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Monday, December 20, 2010

Steepening Yield Curve Economic Optimism....Or Something Else

WSJ reports on the steepening yield curve,

Economic Optimism in Treasury Yield Curve

NEW YORK—A closely watched gauge in the Treasury-bond market is signaling the U.S. economy may gain more traction.
The spread between shorter- and longer-maturity U.S. government-bond yields has widened to near a record high as longer-dated yields rise on expectations that inflation pressures will revive....

The common theory is that when yield spreads widen, which is when the so-called yield curve steepens, it suggests investors are optimistic about the strength of the economy. They are demanding higher yields in longer-dated Treasurys than in shorter-dated ones in order to compensate for the risk of inflation, which is a main threat to bonds' fixed returns over time.

When yield spreads widen, banks are the big winners because the lower short-dated yields mean they can borrow cheaply to fund short-term obligations while lending out to businesses and consumers at higher rates.
Higher long-dated Treasury yields also help pension funds and insurance companies cover their long-term obligations. The flip side is that higher yields push up mortgage rates. Homeowners' mortgage rates tend to track the 10-year Treasury yield, and higher rates hurt the already-struggling housing market. It also gets more expensive for companies to borrow in capital markets.
A couple alternative  or additional explanations:

  • The selloff in long bonds corresponded with the passage of the tax cut extension. While it may spur growth the tax cuts will almost certainly increase the deficit (sorry Mr. Laffer I'm not a believer in your curve. After all the tax cut is really keynesian it is deficit spending or has the same effect, perhaps more efficiently than a stimulus plan... perhaps not.

  • So perhaps the bond vigilantes of the Clinton era are back fearing more supply coming on the market pushing down prices and raising yields. This is probably a mixed blessing remember that the bond vigilantes pushed the administration to close the budget deficit. The treasury stopped issuing long term bonds during that period (no need to fund a large deficit) and rates fell.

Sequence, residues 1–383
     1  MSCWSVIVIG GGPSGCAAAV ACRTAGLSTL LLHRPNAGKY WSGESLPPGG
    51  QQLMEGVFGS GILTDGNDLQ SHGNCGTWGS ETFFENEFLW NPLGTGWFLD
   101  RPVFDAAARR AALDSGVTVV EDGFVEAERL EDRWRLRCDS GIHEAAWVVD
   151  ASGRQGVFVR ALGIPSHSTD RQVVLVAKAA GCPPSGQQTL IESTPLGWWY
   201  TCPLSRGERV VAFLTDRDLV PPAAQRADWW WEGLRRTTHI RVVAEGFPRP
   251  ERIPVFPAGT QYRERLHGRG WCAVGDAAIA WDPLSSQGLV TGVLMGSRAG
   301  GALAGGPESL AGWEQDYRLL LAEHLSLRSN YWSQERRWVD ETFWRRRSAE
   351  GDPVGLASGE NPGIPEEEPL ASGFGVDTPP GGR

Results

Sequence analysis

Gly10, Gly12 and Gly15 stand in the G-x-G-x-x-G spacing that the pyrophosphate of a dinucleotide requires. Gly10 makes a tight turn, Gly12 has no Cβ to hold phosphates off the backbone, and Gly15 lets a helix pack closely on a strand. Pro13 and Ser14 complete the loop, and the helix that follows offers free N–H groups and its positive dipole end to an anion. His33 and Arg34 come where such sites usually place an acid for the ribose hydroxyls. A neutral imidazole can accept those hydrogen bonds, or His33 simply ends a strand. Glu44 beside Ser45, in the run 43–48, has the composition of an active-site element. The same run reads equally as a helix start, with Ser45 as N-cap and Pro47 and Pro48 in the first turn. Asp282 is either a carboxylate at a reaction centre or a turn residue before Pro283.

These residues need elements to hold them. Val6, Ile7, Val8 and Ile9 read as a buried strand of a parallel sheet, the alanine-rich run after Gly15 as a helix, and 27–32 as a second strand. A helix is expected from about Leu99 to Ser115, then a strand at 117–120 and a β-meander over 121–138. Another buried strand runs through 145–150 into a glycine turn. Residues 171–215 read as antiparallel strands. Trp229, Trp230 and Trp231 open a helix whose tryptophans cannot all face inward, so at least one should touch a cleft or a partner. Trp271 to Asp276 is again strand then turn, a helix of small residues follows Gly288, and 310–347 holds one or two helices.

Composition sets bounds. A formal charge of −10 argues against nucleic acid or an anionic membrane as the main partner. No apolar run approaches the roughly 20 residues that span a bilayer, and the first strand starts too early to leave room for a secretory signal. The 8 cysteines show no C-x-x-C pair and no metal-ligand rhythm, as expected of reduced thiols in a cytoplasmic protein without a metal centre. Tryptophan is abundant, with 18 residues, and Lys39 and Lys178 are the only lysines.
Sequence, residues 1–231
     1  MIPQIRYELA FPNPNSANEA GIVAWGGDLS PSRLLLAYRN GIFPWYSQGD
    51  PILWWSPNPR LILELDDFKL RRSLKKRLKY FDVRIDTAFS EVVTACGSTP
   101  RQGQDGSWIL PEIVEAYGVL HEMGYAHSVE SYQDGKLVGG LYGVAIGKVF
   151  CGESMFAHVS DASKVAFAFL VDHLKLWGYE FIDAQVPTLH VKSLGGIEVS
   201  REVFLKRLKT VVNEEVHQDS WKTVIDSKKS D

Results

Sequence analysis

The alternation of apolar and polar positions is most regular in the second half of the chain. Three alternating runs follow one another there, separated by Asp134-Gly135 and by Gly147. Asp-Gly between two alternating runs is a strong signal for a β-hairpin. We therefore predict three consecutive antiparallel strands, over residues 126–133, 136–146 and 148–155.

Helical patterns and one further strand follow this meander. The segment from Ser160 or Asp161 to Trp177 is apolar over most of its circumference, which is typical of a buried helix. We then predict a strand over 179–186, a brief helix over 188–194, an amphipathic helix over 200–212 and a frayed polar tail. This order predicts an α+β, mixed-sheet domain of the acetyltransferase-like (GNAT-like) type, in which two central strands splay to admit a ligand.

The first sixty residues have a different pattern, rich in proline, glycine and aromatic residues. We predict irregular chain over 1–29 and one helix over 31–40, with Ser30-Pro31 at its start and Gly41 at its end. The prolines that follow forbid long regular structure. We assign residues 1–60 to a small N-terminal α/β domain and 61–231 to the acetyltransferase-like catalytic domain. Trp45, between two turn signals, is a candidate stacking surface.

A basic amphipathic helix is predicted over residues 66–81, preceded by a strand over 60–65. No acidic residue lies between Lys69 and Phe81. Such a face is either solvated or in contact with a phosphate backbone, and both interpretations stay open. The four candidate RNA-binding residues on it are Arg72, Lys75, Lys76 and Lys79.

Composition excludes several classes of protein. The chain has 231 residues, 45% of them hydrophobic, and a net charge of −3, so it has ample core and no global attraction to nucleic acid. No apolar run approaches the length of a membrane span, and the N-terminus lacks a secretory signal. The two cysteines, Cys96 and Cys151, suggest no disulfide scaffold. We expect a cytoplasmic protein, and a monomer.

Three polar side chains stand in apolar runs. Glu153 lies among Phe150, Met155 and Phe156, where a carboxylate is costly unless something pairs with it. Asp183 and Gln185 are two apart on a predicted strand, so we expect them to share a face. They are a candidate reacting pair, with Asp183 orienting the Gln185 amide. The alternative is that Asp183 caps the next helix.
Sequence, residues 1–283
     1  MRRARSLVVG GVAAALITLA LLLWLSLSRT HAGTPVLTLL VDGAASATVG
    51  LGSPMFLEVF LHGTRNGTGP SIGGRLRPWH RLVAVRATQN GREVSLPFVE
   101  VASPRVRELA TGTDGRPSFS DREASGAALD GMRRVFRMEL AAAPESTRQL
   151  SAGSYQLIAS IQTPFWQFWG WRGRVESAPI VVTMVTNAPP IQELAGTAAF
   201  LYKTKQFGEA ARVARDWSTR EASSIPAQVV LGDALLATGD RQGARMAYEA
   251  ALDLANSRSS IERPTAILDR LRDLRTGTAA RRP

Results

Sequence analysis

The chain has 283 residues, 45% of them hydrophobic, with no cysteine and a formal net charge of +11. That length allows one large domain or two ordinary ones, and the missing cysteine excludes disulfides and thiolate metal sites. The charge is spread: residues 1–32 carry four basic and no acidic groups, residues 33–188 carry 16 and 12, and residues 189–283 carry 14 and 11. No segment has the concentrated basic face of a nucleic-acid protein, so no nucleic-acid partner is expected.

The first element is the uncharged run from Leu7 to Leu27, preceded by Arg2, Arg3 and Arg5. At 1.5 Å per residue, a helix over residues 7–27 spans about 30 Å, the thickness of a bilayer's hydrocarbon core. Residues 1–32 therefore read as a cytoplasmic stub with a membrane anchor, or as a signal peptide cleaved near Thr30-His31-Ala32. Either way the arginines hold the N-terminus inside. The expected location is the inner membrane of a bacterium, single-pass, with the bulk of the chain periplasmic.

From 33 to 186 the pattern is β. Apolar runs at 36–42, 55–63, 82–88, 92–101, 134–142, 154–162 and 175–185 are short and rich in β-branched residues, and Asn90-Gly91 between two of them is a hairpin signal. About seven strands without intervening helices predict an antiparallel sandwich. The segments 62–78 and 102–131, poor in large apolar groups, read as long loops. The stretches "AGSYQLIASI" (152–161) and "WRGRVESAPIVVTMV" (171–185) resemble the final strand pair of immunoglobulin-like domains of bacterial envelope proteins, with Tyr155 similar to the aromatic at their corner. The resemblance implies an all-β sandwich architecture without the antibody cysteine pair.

• The large retail flows into bonds came from investors who were ignorant that it is quite easy to lose money in bonds particularly in the longer maturities I wouldn"t rule out large outflows from the funds pushing  bond prices down.
  • \By contrast the natural buyers of bonds pensions, endowments and insurance companies who constantly have new inflows look at higher rates as a welcome respite since the higher rates make it easier to meet their futuere obligations, 
  • The otrher group to have a natural benefit from a steep yield cuve  as they borrow short (deposits and cds) and lend long with mortgages. Of course the higher mortgage rates are likely to slow down whatever recovery exists in the real estate market/
  • While retail investors likely got burnd with rising long term rates, corporations, as I noted were playing the low long term rates correctly. Those that issued long term bonds throughout the year benefited from record low rates. Unfortunately for the economy they have been using the cash for stock buybacks and dividends not job creating investments.
Of all the arguments for the yield steepening I find the inflation argument the weakest. First off I have faith that signs of economic growth will be swiftly met with contractionry monetary policy.

Mr. Market has expressed an increase in inflation expectations . This cambe seen in terms of the TIPS/Conventional Treasuries doens't indicate a particularly strong forecast of inflation The real yiield on the 10 yr tip  moved up this month from .83 to 1.05% that puts the implied inflation forecast for the next 10 years of 2.83% within the Fed's target inflation rate but quite a good sized move from 2.12% at the beginning of the month.

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